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In a Region of Division, Nowruz Brings Unity

In a Region of Division, Nowruz Brings Unity

Kourosh Ziabari - Fair Observer: The Middle East sits on a keg of gunpowder. Sectarian tensions, armed conflicts, violent extremism and foreign intervention continue to undermine the security of a region long coveted for its energy resources and geopolitical importance. Looking at the larger picture of regional developments, one can conclude that the Middle East is in dire need of peace and reconciliation before the worrying crises send it spiraling out of control. Even though the situation is so tense, the rest of the world cannot claim that it is impervious to the challenges and woes of the turbulent neighborhood. In a region marred by division and conflict, there is a unifying festival that has the potential to bind nations...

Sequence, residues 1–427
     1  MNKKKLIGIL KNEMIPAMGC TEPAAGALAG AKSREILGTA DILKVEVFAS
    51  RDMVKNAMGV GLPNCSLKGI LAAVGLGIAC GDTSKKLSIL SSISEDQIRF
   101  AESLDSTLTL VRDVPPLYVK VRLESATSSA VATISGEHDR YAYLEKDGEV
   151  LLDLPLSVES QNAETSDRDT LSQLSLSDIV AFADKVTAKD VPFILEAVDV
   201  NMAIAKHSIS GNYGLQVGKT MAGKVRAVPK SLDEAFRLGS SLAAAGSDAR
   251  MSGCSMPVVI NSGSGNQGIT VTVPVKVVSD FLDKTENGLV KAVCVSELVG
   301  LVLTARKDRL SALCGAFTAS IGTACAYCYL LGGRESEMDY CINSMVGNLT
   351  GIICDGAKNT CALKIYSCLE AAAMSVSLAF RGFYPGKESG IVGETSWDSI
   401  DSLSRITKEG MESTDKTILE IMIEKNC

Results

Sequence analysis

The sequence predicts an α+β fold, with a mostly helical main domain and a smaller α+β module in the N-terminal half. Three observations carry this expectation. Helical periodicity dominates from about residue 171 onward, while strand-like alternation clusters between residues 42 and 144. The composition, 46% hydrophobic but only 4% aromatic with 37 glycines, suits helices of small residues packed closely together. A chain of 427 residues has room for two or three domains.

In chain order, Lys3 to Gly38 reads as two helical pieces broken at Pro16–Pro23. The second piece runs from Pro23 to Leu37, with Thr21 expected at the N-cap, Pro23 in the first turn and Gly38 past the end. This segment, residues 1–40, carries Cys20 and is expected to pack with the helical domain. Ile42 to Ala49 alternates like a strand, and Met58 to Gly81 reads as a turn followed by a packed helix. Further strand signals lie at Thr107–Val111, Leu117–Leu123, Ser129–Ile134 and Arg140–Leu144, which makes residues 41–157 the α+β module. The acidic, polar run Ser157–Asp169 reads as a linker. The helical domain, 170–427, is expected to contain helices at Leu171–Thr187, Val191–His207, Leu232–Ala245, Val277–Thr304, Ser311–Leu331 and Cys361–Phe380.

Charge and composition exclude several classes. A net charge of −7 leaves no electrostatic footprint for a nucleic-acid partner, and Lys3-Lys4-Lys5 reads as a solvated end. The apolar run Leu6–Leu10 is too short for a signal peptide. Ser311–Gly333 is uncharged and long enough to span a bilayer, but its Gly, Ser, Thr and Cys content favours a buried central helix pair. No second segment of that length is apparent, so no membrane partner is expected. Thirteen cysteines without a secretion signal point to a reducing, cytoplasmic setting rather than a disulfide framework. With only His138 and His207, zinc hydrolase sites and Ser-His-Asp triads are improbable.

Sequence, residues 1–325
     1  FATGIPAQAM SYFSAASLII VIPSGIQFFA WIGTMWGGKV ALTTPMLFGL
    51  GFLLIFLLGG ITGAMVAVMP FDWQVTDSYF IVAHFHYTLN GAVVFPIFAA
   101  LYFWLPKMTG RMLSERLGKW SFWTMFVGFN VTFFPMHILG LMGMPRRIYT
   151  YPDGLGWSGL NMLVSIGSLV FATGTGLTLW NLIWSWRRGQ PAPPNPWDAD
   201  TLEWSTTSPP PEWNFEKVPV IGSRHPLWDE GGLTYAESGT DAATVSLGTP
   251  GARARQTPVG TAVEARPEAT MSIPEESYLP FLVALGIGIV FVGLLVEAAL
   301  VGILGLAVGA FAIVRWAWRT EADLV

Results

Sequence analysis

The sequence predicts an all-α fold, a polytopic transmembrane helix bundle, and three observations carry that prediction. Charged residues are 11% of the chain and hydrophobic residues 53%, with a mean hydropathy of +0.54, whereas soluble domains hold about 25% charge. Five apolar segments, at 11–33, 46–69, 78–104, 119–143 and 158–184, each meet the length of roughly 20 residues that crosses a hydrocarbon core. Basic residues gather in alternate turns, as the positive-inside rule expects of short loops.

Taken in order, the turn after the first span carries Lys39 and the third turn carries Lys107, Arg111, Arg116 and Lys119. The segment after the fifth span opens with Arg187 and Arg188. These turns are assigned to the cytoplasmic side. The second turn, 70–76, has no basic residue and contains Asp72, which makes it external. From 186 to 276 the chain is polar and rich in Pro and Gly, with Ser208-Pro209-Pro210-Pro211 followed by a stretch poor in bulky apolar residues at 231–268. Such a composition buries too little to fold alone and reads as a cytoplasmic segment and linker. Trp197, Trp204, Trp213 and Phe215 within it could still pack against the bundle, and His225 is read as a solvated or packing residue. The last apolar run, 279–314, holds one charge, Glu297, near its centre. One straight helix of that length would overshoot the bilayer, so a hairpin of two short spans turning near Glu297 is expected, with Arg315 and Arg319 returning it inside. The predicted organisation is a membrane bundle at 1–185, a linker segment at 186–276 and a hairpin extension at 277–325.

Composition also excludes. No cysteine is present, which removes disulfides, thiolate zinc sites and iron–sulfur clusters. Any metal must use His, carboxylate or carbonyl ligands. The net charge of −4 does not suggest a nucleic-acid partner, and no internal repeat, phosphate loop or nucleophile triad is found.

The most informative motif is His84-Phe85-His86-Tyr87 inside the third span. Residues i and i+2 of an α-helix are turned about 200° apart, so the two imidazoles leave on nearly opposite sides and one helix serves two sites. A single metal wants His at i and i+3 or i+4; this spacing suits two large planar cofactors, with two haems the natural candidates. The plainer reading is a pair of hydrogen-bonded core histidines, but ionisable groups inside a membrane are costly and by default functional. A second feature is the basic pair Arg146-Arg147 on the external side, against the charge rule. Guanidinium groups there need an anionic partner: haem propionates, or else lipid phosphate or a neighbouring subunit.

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Iran and Britain: Bracing for a New Era of Redefined Relations

Iran and Britain: Bracing for a New Era of Redefined Relations

Kourosh Ziabari - The Huffington Post: On July 14, 2016, precisely one year following the conclusion of the landmark nuclear accord between Iran and the six major world powers, dubbed the Joint Comprehensive Plan of Action, the flag carrier airline of the United Kingdom, British Airways, will be re-launching direct flights between London and Tehran. The service was suspended in October 2012 as the company officials believed the route was "no longer commercially viable." The decision by the British airliner to resume return flights to the Iranian capital comes on the heels of new steps taken by the governments of Iran and Britain to normalize and improve their precarious relations, which plummeted to an all-time low after the British...